Interview questions are meant to help you evaluate candidates and determine which of them is best for your open role. However, some questions may do more harm than good if they lead to discrimination or invasion of privacy. Even when asked innocently, they can lead to unconscious bias in the recruitment process, or they can make your candidates reconsider working at your company. To evaluate and hire the best candidate possible, steer clear of these (potentially illegal) interview questions.
How old are you? Do you have any disabilities? What religion do you practice?
Various federal and state laws are in place to protect candidates from possible discrimination. These include, but are not limited to, age, physical or mental disability, ethnic origin, gender, sexual orientation, race, religion, veteran status, and marital status.
Questions related to the above areas are not generally relevant to the job, and should be avoided. If they are relevant to your role, however, be careful about how you word them. For instance, rather than asking the candidate if they have any disabilities, ask them if they are able to perform the physical requirements of the job. To ensure that you’re evaluating all candidates on an even-playing field, it’s best to develop a semi-structured interview process in which you ask all candidates the same questions.
Can I have your social media account passwords?
Maryland was the first to ban this practice in 2012 and, according to the National Conference of State Legislature, it is banned in 24 other states. Some laws make it illegal to ask for usernames and passwords, while others also ban things like requesting someone to authenticate their account in your presence, or requiring them to connect with you on social media.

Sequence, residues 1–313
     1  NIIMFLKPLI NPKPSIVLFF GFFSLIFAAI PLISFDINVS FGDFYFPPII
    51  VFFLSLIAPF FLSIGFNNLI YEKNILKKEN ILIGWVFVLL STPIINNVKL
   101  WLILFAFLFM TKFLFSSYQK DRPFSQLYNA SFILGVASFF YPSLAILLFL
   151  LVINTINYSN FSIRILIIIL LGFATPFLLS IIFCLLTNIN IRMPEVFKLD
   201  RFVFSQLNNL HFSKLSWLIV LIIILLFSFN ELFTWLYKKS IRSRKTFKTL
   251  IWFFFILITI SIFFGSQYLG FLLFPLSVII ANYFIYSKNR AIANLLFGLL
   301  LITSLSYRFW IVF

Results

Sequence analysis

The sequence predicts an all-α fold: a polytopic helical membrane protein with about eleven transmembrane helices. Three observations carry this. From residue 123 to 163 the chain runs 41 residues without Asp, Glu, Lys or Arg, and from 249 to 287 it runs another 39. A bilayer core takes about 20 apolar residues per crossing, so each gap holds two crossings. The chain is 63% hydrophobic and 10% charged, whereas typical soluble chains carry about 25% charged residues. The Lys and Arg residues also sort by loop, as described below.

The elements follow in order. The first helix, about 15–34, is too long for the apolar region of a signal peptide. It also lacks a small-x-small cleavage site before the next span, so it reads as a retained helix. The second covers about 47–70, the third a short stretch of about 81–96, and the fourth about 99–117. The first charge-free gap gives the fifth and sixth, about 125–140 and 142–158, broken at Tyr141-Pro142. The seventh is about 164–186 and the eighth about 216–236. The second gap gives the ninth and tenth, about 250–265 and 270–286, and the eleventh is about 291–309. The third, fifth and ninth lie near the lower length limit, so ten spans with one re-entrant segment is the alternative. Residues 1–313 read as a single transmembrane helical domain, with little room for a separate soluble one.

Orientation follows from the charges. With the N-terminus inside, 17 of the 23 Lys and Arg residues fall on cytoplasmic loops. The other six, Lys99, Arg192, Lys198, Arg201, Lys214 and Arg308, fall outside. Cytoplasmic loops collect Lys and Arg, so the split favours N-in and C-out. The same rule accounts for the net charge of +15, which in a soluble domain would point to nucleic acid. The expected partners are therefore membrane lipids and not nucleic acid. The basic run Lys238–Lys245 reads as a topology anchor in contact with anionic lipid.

Even if this isn’t an illegal interview question in your state, it has the potential to open you up to discrimination issues and should be avoided. For instance, you may see that a given candidate is a veteran with post-traumatic stress disorder. This information may affect your judgement about whether they’d be able to perform the job at hand.
On the other end of the spectrum, it can turn away candidates who may have been a great fit. Even a candidate with nothing to hide may feel like this is an invasion of privacy, and decide to work for another employer.
What’s your salary history?
Last year, Massachusetts became the first state to ban employers from asking for a candidate’s salary history, with the goal of closing the gender wage gap. While this isn’t an illegal interview question in every state, it should still be avoided. Research has shown that women earn 83% as much as men, and African Americans earn 75% as much as Caucasians. Asking for a candidate’s salary history upfront may perpetuate this issue, or cause you to lose your most qualified candidates who will go elsewhere to be paid what they’re worth.
Instead, create a competitive employee compensation strategy and discuss salary expectations with your candidate’s early in the recruitment process. This will ensure that a candidate’s salary history doesn’t unfairly cloud your perception of them, or the salary that you offer your top-choice candidate.
The volume and complexities of illegal interview questions is enough to make your head spin—even as a seasoned professional. Hiring managers and interviewers are even less inclined to understand them because they don’t live and breathe in the recruiting world. However, not adhering to these laws can damage your organization’s reputation and cost you top-tier candidates—not to mention costing your company time and money in legal battles. Reduce your risk by gaining a thorough understanding of the laws that apply in your area, training interviewers on illegal interview questions, and creating semi-structured interviews. This ensures that all candidates are evaluated on the same criteria so you can make the best hire, in a fair manner.
Learn more interview best practices in our eBook:Top Interview Tips: The Employer’s Essential Handbook.